Athens March 11, 2007 GREECE
Well, crowds flowed in, and that’s what matters. On the side, our absinth Xenta Absenta cheered everybody, no technical problems arose with the screenings, not one really, and the films were much enjoyed by the audience. How do we know?
…Because we run a questionnaire with them that contained just one question: “Would you watch this film for a second time?” – to be answered for every short. No pseudo-grading at the individual level, just a “yes” or “no”, and then large numbers and their laws would give an accurate picture.
Overall, the festival scored a 70% “yes”, which is really disappointing, because given such ratings, we have no option but to run again SFF-rated in 2008!
Regarding the shorts, 15 out of 20 received a “yes” answer 60% or more, which again, shows that people liked what they saw.
And yes, there was one film that scored higher than all the others.
So we have an Audience Award!
And the winner is…
“Cost of Living” by Jonathan Joffe(Canada).
It received a 93,75% in “yes” answers, and it was followed closely by “Judas” (Nicolas Bary- France), and the animation “X” (Raphael Wahl-Germany). Also close and forming the Full House were “La Vie d’ un Chien/The Life of a Dog” (John Harden – USA/France) and “The Grandfather Paradox” (Jean-Francois DaSylva-Canada). For those who have seen all five films, they have one thing in common: they have nothing in common, showing the diverse taste and SFF-aesthetics of the audience.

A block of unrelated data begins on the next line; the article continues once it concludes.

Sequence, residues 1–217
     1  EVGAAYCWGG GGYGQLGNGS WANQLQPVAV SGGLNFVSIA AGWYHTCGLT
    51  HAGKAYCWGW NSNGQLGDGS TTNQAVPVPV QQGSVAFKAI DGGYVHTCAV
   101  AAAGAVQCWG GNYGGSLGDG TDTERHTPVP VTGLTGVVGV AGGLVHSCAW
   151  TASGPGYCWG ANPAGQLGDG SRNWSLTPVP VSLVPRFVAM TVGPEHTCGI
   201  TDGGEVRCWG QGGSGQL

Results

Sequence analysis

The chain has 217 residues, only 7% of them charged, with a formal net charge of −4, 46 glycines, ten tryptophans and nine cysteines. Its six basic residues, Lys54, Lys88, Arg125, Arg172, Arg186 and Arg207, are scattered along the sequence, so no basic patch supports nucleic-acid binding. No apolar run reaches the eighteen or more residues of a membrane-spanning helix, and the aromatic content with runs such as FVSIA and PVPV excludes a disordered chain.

We should also mention, that, as in 2006, a selection of the best films screened in SFF-rated 2007 were hosted in the Science Fiction Festival of Syros. The screening was unambiguously the most popular event of the SF Syros Festival (a general festival, hosting not only films but literature, discussions, dance, music, painting, comics, and… SF ice-cream!)
Screen you next year.
Science Fiction Club of Athens
And to prove it to you… here’s a testimony from a director that flew all the way from New York to be with us.
“I feel awful but I grin and bear it for the opening ceremony.
The whole event is sponsored by Absinthe and one of the hostesses offers me a glass.
It’s the real ****.
I down two right after each other and suddenly I don’t have to pretend as much.
A feeling rises in me.
I try to focus on it but we’re being ushered into the theatre.
Blood spurts on the screen like a Jackson Pollock painting and the entire audience howls in ecstasy.
The images begin to blur.
There’s electricity in the crowd.
And it climaxes to a three minute standing o.